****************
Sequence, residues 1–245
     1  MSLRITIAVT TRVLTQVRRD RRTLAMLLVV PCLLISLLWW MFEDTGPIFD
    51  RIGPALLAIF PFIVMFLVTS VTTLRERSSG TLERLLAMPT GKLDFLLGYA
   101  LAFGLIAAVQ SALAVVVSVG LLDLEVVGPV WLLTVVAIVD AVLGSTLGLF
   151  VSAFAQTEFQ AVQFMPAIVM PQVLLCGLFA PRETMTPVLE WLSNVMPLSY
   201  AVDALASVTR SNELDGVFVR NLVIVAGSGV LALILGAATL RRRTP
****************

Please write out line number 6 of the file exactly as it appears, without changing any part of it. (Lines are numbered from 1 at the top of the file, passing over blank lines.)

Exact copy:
   201  AVDALASVTR SNELDGVFVR NLVIVAGSGV LALILGAATL RRRTP